Why I abhor poor active management

I abhor poor active management because there are so many people whose retirement savings have been invested in poor products; because it has given the active management industry a bad name; and because the big firms who are the worst offenders continue to peddle the notion that bigger is better. With, for example, football clubs, bigger generally means better quality. This is absolutely not the case with active management; the more interesting investment opportunities tend to be smaller and out of the reach of large firms.

While I abhor poor active management, I adore Gina Miller (on a strictly professional basis I should add). I too get an itch when I think ‘people are being bullies, or being dishonest or hypocritical’. Most big fund management companies for me tick all three of those boxes. There’s plenty of evidence that most actively managed funds fail to beat their benchmark net of costs. The implication of this – and the associated headlines – is that funds that beat their benchmark have done a good job, and that funds whose performance is in line with the benchmark have achieved what they set out to achieve. This has to be wrong.

Active managers should aim to beat their benchmark by a wide margin to compensate investors for the risk that they will fail to reach it. Why on earth should an investor accept index performance with risk when they could get, from a passive fund, index performance with no risk? Most single asset class funds have an investment aim or objective that is vague, and a benchmark which is an index. Where there’s a benchmark stated, it’s not generally clear what it’s there for, but let’s assume it is for performance measurement purposes. After all the proper definition of a benchmark is ‘a measuring device’ not ‘something to be copied’.

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I have a simple solution. Active funds should state the margin by which they aim to beat their benchmark, net of costs. For example, FTSE All Gilts 2 per cent per annum, or S&P500 3 per cent per annum. We do this at Seneca, either explicitly or less formally, accounting for the value we seek to add from active management decisions. And why would performance in line with a benchmark be acceptable when this means that managers give all the outperformance to themselves in fees, once other costs have been paid, leaving nothing for the customer! I have a different approach.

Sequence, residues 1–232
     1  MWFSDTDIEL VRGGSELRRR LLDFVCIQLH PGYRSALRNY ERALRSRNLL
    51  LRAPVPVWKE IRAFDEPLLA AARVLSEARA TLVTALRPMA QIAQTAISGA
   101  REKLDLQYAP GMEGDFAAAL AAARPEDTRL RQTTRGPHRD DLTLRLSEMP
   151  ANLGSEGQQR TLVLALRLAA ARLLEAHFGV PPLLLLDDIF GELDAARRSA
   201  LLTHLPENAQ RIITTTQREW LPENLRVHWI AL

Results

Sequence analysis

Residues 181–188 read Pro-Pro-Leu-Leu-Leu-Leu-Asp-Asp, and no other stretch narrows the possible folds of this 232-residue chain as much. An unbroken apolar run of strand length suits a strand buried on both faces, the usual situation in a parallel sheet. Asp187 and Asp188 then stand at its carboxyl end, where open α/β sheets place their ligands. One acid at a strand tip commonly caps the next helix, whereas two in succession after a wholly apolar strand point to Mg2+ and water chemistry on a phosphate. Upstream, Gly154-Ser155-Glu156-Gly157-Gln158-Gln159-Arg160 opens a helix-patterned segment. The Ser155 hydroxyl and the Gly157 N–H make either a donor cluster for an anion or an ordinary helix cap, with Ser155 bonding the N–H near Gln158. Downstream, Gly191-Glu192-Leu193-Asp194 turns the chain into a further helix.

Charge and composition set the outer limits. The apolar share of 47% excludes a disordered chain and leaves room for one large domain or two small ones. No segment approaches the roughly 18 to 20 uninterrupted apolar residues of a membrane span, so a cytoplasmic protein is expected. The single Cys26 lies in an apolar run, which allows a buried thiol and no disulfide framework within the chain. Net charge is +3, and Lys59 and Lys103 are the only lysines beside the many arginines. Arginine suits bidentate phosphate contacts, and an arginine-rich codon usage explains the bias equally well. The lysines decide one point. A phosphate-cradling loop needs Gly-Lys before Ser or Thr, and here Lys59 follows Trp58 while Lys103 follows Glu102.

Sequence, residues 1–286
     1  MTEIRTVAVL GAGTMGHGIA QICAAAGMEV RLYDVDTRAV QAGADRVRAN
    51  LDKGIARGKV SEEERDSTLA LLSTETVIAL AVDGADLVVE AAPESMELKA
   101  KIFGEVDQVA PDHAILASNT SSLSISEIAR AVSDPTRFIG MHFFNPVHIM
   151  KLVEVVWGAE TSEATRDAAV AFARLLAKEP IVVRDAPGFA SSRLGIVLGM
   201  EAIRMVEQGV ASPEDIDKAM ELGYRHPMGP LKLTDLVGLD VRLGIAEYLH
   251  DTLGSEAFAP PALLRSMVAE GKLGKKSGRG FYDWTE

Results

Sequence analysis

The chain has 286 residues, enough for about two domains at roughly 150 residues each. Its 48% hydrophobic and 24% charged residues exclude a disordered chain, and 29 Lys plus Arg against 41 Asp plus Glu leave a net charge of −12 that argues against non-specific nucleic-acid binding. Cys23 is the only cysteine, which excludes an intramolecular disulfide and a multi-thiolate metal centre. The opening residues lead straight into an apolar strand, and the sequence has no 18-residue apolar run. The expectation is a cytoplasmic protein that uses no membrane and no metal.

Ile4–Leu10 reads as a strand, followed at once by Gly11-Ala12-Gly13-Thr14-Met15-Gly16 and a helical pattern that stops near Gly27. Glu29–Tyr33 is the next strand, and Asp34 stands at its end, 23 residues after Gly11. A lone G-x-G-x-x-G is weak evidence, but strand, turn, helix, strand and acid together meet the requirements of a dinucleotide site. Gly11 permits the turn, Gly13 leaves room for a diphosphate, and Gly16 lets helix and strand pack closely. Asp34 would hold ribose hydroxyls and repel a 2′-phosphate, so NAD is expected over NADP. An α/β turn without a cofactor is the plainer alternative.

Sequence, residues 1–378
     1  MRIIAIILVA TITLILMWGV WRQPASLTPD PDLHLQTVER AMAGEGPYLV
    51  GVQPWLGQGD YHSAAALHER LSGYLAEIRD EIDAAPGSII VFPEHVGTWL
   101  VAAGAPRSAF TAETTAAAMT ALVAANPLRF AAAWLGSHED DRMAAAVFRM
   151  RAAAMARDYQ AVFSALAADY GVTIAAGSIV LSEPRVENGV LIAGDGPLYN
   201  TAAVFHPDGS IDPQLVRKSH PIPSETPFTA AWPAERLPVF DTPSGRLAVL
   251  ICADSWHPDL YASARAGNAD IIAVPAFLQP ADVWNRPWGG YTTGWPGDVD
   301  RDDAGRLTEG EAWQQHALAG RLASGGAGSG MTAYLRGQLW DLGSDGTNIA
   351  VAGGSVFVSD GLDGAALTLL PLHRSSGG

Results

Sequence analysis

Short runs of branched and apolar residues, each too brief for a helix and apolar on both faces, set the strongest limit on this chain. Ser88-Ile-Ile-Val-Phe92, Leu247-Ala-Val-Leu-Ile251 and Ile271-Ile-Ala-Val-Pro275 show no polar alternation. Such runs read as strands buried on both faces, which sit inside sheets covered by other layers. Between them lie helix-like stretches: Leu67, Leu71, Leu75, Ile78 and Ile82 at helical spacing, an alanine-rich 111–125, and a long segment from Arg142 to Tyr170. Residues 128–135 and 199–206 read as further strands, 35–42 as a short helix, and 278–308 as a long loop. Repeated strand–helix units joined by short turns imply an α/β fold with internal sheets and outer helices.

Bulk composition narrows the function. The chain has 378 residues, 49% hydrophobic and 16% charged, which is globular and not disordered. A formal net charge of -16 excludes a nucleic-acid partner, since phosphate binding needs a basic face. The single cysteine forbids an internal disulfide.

My starting point is to consider the costs for a particular fund, then to aim to produce a multiple of these costs in gross outperformance (alpha). I make sure that we have sufficient tracking error to give our funds the potential to produce this alpha (too little tracking error is in my view worse than too much) then trust our value-oriented investment style and process to achieve it.

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What is the multiple? It depends on the total costs, but for all three of our funds, it’s considerably above two. We recently changed the benchmark for our investment trust, the Seneca Global Income & Growth Trust, to:

‘Over a typical investment cycle, the Company will seek to achieve a total return of at least CPI plus 6 per cent per annum after costs with low volatility, and with the aim of growing aggregate annual dividends at least in line with inflation, through the application of a Multi-Asset Investment Policy.’

Benchmark changes are generally met with great scepticism, and rightly so, but in our case we have raised the bar rather than lowered it. The previous benchmark of LIBOR 3 per cent did not reflect how the trust was being managed. The change won’t mean we have to start jumping higher (we won’t change the way we manage the fund). The bar has been raised to a level commensurate with our process rather than at an inappropriately low height.

I’d argue that the objectives of most actively managed funds are not ambitious enough. Perhaps this is why the active management industry is so despised. Many, including me, think it is still providing a safe harbour for the cowardly.

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